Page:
Dana Grant Morris
THESIS ABSTRACT 2004
A Case Study: Dialogues Regarding The Politics and Funding of Arts Programming In One Chicago Public Elementary School
This thesis examines how the dynamics of administrative hierarchy affect the decision-making that occurs in a public school, as it pertains to arts programming. In an attempt to gain better insight into this complex phenomenon, I conducted a case study at a Chicago Public School. My main objective, as an arts educator and arts administrator, is to better understand why the arts are not generally valued in public education and are, therefore, relegated to a marginalized status with a subsequent lack of adequate funding.
In this case study, I utilized both standardized and dialogical interviews to comprehend the personal philosophies of five people who have been identified as influential with the school’s curriculum and possess the potential to affect the prioritization of arts funding within the school’s larger curriculum.
As background for my research, I examined the history of arts programming in public schools and educational movements from the 1930’s to the present. Through my investigation of arts programming history, I intended to identify trends and key factors that can inform possible interventions into the processes that determine funding.
Through the interviews I conducted with teachers and administrators, I attempted to answer questions about the persons and structures which effect change, the disappearance of arts programming from public schools, and what is being done to promote art as a core academic subject essential to education.
The personal interviews have allowed me to better understand the complex issues that arise when dealing with politics and funding, specifically during economic recessions, such as we are currently experiencing in this country. I also attempted to answer the question, “When schools are struggling with arts funding, what means can they use to advocate for art?” Key to my research was the investigation of federal, state and local governmental policies, both past and present, which have had an influence on arts funding in education.
Not unlike other presidents, 'President George W. Bush and Congress recently signed a new education act into law, the No Child Left Behind Act, that officially sanctions the arts as a core academic subject, entitling arts education to increased federal funds. Only time will tell if this marks a victory for arts learning.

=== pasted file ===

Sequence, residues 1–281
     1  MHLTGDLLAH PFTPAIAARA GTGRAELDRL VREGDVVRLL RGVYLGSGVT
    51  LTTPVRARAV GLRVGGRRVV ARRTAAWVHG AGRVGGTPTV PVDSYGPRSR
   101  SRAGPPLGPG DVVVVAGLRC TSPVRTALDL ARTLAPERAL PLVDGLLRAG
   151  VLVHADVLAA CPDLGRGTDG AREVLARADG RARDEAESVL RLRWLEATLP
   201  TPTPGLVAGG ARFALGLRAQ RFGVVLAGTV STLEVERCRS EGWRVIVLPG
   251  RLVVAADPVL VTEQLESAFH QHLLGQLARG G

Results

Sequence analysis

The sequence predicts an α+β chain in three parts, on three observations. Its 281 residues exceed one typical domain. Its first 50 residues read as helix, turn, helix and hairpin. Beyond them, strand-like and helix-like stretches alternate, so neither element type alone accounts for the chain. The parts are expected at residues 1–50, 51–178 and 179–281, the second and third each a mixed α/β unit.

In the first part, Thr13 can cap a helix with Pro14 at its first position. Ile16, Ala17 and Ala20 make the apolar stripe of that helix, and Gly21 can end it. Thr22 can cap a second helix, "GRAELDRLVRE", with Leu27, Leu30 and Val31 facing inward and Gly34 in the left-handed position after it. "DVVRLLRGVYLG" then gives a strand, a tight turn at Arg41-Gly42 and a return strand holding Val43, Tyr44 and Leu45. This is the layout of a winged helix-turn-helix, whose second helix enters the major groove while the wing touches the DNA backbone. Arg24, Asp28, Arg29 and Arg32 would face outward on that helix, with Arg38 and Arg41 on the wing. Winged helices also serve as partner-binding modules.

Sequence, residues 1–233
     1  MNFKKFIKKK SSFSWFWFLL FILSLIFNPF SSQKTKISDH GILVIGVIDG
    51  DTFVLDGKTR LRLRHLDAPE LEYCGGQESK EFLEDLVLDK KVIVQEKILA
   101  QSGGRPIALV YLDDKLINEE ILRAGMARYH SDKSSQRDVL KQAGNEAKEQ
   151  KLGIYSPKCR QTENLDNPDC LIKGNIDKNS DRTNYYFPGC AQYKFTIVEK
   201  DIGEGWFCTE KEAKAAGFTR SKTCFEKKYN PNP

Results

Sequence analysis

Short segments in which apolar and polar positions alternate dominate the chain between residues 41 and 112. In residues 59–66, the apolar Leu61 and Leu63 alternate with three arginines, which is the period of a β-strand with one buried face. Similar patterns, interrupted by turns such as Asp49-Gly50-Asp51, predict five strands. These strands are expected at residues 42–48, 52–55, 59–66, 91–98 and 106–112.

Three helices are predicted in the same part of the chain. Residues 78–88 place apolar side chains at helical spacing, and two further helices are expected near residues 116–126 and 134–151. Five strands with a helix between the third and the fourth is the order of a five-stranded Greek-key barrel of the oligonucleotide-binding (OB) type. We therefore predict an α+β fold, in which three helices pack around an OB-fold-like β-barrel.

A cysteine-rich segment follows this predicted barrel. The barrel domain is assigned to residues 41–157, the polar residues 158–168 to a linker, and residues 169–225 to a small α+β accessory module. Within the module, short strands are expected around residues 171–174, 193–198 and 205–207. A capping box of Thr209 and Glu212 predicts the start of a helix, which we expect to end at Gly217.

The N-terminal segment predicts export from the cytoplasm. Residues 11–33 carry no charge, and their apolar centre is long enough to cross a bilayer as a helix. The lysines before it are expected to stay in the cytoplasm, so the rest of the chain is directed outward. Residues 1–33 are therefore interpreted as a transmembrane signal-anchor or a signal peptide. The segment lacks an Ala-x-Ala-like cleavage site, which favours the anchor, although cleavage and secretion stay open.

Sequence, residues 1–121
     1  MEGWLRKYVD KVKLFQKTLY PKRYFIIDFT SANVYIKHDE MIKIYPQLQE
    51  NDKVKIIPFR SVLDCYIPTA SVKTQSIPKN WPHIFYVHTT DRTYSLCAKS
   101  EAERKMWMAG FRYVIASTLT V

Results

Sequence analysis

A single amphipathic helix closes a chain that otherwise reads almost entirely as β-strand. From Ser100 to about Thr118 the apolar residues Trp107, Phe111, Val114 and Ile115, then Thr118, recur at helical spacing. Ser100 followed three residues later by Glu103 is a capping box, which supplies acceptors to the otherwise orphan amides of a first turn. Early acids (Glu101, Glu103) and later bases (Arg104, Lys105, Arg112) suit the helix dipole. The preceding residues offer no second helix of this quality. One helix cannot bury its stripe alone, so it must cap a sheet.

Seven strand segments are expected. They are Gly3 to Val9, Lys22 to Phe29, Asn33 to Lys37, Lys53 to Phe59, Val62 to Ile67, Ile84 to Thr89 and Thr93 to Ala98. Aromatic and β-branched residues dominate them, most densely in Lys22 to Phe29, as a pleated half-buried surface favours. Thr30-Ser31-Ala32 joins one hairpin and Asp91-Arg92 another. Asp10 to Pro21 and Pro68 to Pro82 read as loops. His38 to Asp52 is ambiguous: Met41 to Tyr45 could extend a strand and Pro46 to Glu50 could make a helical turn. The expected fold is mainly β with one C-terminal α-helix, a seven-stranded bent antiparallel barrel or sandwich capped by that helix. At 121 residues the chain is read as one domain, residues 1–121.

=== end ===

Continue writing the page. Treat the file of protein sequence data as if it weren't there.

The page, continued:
President Lyndon Johnson signed the original Elementary and Secondary Education Act in 1965 (ESEA). President Reagan assembled the National Commission on Excellence in Education (NCEE) to report on the quality of education in the U.S. This resulted in a report titled, “A Nation at Risk,” stating that the educational system at the time was producing mediocre results and recommended the establishment of academic standards. President George H. Bush created the National Education Goals Panel to monitor the progress of six broad objectives to be reached by 2000 in regards to providing national support to the state and local standards. President Clinton later took many of these objectives and created and signed a new proposal called “Goals 2000: Educate America Act.” This bill created the National Education Standards and Improvement Council, with the authority to approve or reject state standards. IN 1994, President Clinton signed the Improving America’s Schools Act (IASA), which was a re-authorization and revision of the original ESEA.
Dana Grant Morris received her B.S. in Consumer Journalism from the University of Wisconsin-Madison in 1996. While at SAIC, she interned at the Illinois Alliance for Arts Education and at the Chicago Department of Cultural Affairs in the Collaborative Programming Department. Currently she works at the Museum of Contemporary Art, Chicago.
Thesis Advisor: Jerome Hausman Instructor, Art Education and Art Therapy
Thesis Reader: Angela Paterakis Professor Emeritus, Art Education
Thesis Peer Reader: Ray Yang